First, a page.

Set up travel notifications and alerts before your trip

Some credit card companies and banks will put a stop on your card if they suspect a fraudulent transaction, such as one made abroad or in a different part of the country. This can leave you in quite a financial bind while traveling. Before you go on your trip, reach out to each of the financial institutions for the cards you plan on using to inform them of your travel plans. Travel notifications can be made by phone, through mobile apps, or online portals. Be sure to set a travel notice with First National Bank and Trust to ensure seamless debit card usage while on vacation. 

Other card companies don’t require advanced notification, but will send you an alert if your card is used in an unusual way (such as in an unfamiliar area). Be sure that you have access to your phone to ensure that you can approve any legitimate flagged purchases right away, so you can keep using your card without issue (or report any fraudulent use!).

You can also log into your bank or credit card account to set up your own alerts to keep track of your account activity while you travel. Alerts can be made through push notifications, text, or email, notifying you every time a transaction is made, or for transactions over a certain threshold amount. If you receive an alert for a purchase you didn’t make, contact your financial institution immediately to put a hold on your card. Again, be sure you will have access to your phone or email in order to respond to any alerts. (Check out more credit card safety tips.) 

Know the PINs for your cards

You might already know the PIN (personal identification number) of your debit card, but many credit cards, called chip-and-pin cards, also can have PINs. In fact, if you are traveling in Europe especially, you may be asked for your PIN if you are at an unmanned payment terminal, such as a ticket or parking lot kiosk. If your card does not have a PIN—or you don’t know what it is—you may not be able to use it.

If you are traveling to locations that prefer chip-and-pin cards, it’s a good idea to check to see if any of your cards will fit the bill. But if you don’t, that doesn’t mean you need to get a new card. In his article, “Using Credit Cards in Europe,” Rick Steves explains his experiences: “I've been inconvenienced a few times by self-service payment machines that wouldn't accept my card without a PIN, but it's never caused me serious trouble.” If you don’t have a chip-and-pin card, be sure to carry a little bit of cash, so you have other payment options if a card terminal won’t take your card.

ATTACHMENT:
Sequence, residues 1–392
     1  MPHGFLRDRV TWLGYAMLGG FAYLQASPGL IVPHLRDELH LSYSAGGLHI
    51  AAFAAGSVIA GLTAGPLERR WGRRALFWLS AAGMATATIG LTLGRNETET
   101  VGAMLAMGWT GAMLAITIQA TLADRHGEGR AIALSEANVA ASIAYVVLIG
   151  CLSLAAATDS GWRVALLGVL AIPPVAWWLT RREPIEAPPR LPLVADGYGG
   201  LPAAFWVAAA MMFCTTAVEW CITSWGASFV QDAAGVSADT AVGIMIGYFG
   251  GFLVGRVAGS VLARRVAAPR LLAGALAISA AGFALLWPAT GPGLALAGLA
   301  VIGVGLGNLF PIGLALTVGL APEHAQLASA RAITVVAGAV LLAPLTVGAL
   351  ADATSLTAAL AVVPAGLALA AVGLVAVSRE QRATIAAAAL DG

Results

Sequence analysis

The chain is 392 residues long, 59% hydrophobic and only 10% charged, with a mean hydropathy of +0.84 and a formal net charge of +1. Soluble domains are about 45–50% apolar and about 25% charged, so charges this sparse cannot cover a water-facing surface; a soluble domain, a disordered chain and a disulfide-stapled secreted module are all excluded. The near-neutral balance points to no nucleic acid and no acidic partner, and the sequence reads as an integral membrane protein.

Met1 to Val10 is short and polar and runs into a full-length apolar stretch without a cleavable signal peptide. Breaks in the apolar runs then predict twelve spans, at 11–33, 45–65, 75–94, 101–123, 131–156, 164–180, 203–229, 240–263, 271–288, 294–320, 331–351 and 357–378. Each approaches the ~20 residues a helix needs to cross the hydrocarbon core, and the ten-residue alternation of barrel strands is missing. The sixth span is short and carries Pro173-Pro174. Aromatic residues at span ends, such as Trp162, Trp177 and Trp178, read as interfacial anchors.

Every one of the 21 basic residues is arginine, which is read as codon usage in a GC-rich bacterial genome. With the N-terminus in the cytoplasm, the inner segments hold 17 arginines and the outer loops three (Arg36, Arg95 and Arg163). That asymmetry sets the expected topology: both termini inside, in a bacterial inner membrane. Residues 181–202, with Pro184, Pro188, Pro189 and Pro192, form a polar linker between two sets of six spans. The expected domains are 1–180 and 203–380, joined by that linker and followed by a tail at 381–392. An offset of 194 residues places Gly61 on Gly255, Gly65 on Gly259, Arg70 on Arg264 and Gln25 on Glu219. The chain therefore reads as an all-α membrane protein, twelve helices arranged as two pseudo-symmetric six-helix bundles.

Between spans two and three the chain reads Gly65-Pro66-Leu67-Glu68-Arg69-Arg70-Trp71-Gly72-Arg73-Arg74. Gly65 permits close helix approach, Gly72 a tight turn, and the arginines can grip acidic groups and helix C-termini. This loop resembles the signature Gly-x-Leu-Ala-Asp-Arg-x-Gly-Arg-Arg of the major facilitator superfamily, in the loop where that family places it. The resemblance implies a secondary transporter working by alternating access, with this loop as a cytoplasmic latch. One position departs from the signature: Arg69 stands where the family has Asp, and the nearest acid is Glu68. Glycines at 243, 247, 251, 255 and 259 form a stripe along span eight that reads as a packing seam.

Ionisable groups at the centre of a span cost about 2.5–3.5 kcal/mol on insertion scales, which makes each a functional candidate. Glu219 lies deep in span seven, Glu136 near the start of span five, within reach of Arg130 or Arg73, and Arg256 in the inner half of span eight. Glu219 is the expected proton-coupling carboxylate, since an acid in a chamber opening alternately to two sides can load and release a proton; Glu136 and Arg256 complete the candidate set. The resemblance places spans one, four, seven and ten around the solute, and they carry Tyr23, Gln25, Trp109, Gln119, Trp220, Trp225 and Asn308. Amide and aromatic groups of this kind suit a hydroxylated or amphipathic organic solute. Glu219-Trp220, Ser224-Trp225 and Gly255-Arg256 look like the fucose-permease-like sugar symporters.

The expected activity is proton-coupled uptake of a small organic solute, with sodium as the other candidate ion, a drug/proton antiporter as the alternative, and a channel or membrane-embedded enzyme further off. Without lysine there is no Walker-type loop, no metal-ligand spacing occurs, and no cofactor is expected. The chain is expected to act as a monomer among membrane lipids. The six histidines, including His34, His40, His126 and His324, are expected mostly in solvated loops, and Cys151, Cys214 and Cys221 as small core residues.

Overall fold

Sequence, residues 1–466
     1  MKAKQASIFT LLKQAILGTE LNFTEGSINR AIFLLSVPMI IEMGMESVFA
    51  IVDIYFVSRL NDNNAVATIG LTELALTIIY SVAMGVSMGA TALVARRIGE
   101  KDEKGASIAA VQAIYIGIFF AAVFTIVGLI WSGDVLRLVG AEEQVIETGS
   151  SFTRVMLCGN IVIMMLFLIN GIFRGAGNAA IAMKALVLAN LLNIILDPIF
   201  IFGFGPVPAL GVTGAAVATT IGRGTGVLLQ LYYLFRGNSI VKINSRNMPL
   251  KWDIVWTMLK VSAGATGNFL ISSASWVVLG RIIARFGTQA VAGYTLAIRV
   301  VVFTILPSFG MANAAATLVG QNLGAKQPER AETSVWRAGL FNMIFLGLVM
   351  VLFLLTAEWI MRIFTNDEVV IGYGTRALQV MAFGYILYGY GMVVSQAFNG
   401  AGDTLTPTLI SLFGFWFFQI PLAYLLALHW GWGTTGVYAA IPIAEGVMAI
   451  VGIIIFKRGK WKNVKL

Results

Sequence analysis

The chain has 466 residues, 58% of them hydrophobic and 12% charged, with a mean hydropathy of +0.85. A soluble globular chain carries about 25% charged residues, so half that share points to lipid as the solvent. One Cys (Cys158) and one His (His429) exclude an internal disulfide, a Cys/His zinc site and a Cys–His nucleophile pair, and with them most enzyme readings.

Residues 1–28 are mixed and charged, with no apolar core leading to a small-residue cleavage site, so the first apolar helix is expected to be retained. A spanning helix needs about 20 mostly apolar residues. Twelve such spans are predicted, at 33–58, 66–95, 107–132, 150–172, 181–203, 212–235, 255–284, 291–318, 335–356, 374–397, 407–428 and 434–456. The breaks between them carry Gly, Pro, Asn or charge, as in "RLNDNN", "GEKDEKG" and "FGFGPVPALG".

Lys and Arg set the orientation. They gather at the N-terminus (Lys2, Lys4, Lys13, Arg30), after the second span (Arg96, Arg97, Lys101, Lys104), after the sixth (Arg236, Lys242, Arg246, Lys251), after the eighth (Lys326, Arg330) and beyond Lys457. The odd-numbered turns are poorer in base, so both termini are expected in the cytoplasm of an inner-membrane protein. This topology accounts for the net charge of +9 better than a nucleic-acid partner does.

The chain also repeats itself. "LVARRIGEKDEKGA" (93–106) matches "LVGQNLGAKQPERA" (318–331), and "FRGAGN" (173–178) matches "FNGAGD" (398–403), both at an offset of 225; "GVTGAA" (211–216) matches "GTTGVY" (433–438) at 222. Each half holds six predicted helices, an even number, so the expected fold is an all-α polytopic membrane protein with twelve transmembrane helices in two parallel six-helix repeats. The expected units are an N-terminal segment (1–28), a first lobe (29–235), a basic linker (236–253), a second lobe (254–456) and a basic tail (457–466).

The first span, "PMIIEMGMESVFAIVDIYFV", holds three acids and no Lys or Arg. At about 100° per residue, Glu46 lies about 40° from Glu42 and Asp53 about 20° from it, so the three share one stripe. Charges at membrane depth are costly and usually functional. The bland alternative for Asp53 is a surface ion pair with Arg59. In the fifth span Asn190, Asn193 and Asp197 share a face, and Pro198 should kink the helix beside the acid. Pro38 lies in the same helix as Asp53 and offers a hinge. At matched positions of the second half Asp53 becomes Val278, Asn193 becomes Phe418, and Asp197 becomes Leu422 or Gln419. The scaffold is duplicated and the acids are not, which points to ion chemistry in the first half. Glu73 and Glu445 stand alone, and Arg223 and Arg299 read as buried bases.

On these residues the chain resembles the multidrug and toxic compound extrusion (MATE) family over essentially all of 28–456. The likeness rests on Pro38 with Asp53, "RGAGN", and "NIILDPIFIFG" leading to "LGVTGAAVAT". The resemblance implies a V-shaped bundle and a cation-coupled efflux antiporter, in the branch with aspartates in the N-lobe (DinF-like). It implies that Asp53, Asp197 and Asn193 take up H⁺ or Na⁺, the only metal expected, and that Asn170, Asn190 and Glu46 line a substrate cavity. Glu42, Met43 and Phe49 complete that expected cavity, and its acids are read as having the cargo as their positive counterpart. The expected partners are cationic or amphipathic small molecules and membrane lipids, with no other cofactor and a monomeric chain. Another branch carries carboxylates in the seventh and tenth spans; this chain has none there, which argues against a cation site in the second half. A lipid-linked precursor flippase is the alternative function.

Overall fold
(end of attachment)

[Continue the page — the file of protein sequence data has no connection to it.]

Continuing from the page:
Get your phone ready for travel and keep it safe

Because banks' only method of communication with you while you travel will likely be digital, it’s vitally important that you get your phone ready for your trip too—especially if you will be traveling internationally. Make sure that the contact information is up-to-date at your bank or card company. Additionally, don’t just assume your phone will work the same way it does at home. Before you go, log into your account with your mobile carrier or reach out to them over the phone to see if you can send and receive text messages and make calls in the locations where you are traveling. Lastly, take a minute to look up the international phone numbers for your bank and credit card providers, to store directly in your phone or another secure location (not with your cards!), so you can call if the need arises. For more tips, check out Which?’s article, “How to prepare your mobile phone for holidays abroad.”

In addition to preparing your phone for travel, you’ll also want to take some steps to keep your phone safe during your trip. Because so much of what we do relies on the use of our phones, from communication to managing our money, it’s important to practice a few safety precautions when traveling. Here are some basic ways to keep your phone safe: 
  • Limit your use of Bluetooth and public WiFi. Turn your Bluetooth off when not in use and avoid public networks when possible, sticking to those protected by passwords. Cyber criminals can pair their device with your Bluetooth or access your phone over public WiFi, therefore accessing your data which could include financial account or personal identification information.
  • Keep your phone screen locked. Use a passcode, fingerprint, or face recognition method to protect your phone, so not just anyone can access it. This is especially important if you are using a mobile wallet.